Sea turns red with blood as 1,428 dolphins killed in ‘largest ever’ Faroe Islands hunt
1,428 Atlantic white-sided dolphins were slaughtered in the bay of Skálabotnur on Sunday. Shocking pictures have emerged of scores of hookfin porpoises washed up on the shores of the self-governing Danish archipelago, many of which have been bludgeoned to death with knives and harpoons.

The shocking find on Sunday has led experts to believe it is the largest death toll of cetaceans, whales and dolphins ever recorded. Mr Read told The i newspaper: “We’ve been looking at records from all over the world, and its quite possibly the largest hunt of cetaceans, whales and dolphins combined, possibly ever recorded.

“It’s unprecedented in Faroese history, and possibly in recorded history at all. “The largest hunt even close to this – and the Faroese records go back over 500 years – was of 1,200 pilot whales in 1940.”

Mr Read explained hunters traditionally drive jet skis and speed boats into the pod, which then drives the dolphins into shallow water. He added many are killed by motorboat propellers and suffer “a slow and painful death”.

He added: “You had large areas of the bay where dolphins were just thrashing about, and you had dolphins that were still alive being thrown on top of piles of dead dolphins on the beach because there were so many they were being piled up.

“It was a completely unprecedented situation for the Faroe Islands, and that is why it is being criticised even within the Faroese press, even by some staunch pro-whalers.”

“…the Faroe Islands these days is an incredibly modern community, with a similar per capita income as Scandanavian countries like Norway, near-zero poverty, they have imports from all over the world, their shops and supermarkets are very well stocked. So there’s no sort of need for this to continue on a subsistence basis.”

The expert added it is not healthy for humans to consume dolphin meat as it is often “heavily contaminated with industrial pollutants”.

WARNING – GRAPHIC CONTENT: Hunters who killed close to 1500 dolphins may have taken part in the largest ever “dolphin massacre” in the Faroe Islands according to Sea Shepherd founder Captain Paul Watson.

Speaking to Yahoo News Australia from New York, Captain Watson described Sunday’s incident as “incredibly brutal”, adding that there was no possible way to slaughter such a large number of dolphins humanely.

The killing of an estimated 1428 white-sided dolphins in one day by the Faroese is close to what Japanese fishermen in Taiji take during an entire season.

“They drove these dolphins into the beach or ran over them over, cut them up with the propellers on the boats, and then systematically began to slaughter them,” he said.

Captain Watson fears hunters will become “more violent”.

Known across the islands as the “grindadrap”, which translates as “murder of whales”, some Faroe Islands locals have publicly criticised the “massacre”. “That’s that’s a significant change that there are Faroese people who are opposing it.”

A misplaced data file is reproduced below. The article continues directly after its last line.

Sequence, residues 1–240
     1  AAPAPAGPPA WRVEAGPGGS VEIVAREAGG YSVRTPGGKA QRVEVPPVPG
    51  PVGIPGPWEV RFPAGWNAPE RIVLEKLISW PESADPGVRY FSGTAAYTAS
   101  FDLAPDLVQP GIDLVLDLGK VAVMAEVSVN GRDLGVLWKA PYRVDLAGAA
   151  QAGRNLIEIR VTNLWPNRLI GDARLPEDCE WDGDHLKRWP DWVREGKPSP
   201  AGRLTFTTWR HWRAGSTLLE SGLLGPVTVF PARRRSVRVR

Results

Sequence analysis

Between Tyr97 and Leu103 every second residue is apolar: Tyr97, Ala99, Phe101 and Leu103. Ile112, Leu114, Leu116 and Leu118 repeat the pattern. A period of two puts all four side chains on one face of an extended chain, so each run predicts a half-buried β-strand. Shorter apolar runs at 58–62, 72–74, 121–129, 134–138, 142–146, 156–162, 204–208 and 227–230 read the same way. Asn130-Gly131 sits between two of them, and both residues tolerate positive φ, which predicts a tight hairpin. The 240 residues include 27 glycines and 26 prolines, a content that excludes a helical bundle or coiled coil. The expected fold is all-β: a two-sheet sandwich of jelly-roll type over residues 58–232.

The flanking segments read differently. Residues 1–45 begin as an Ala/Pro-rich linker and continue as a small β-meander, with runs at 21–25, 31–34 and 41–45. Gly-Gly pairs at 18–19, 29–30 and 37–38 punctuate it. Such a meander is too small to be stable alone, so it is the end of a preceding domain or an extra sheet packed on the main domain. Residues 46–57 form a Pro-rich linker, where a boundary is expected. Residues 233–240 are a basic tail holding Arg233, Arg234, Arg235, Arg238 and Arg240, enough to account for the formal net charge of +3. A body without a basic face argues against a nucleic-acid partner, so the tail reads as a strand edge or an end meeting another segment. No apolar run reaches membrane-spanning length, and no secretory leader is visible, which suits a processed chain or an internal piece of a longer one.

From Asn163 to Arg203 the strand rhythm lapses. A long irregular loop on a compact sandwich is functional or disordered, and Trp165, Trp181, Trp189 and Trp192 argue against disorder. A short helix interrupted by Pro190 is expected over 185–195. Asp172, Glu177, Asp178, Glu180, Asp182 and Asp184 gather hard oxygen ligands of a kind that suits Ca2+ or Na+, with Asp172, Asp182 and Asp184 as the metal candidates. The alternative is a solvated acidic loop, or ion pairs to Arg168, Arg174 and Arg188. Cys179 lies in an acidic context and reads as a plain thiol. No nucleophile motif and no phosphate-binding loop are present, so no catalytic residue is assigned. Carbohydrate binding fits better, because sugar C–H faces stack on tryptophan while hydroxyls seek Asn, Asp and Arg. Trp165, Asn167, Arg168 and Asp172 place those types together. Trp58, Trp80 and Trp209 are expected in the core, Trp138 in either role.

‘Stuff of nightmares’: Children watch on as 1500 dolphins slaughtered
An entire “super pod”, estimated to consist of 1428 white-sided dolphins was herded 40km into waters off the self-governing Danish archipelago. Moments later, dolphins can be seen thrashing as they are slaughtered in shallow waters turned red with blood. Boats bob up in the water surrounding the surviving animals, preventing them from escaping.
Men, women and young children walk among the carcasses piled up along the beach as far as the eye can see. Dolphin bodies are three-deep along the sand and one can be seen writhing on the ground long after having its neck cut with a knife.

Sea Shepherd Australia’s managing director Jeff Hansen told Yahoo News Australia the footage is the “most shocking and disturbing” he has seen since joining the group in 2007.

Describing the scenes as “the stuff of nightmares”, he has urged the global community to call for an end to the annual hunt. “I feel sick to my core seeing such cruel, heartless, barbaric and prolonged suffering of such highly intelligent socially complex beings,” he said.

Mr Hansen added he was particularly concerned about children witnessing the bloodshed, adding the violence is worse than films they would be restricted from viewing.

“There is no classification on earth for this sort of disgusting monstrous behaviour that we see the Faeroese children encouraged to watch,” he said. “The impacts on these young innocent minds can lead to all sorts of catastrophic events later on in life. “There is zero duty of care here, to the dolphins or the young Faeroese children.”

The Faroe Islands along with the Taiji prefecture in Japan, are the last two major strongholds of mass dolphin slaughter.

Outrage on social media has been swift, with many taking to Facebook and Twitter to share their disgust. “I have no words just tears,” wrote one person. “I’m absolutely outraged by this. What on earth are they thinking?” added someone else.

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Image courtesy Sea Shepherd

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